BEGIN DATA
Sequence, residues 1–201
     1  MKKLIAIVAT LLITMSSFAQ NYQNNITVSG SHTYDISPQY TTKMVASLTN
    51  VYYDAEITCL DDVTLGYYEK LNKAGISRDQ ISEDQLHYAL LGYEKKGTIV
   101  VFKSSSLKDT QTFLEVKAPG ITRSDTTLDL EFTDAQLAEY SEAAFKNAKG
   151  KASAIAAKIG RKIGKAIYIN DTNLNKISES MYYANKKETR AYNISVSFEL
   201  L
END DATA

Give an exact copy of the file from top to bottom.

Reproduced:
Sequence, residues 1–201
     1  MKKLIAIVAT LLITMSSFAQ NYQNNITVSG SHTYDISPQY TTKMVASLTN
    51  VYYDAEITCL DDVTLGYYEK LNKAGISRDQ ISEDQLHYAL LGYEKKGTIV
   101  VFKSSSLKDT QTFLEVKAPG ITRSDTTLDL EFTDAQLAEY SEAAFKNAKG
   151  KASAIAAKIG RKIGKAIYIN DTNLNKISES MYYANKKETR AYNISVSFEL
   201  L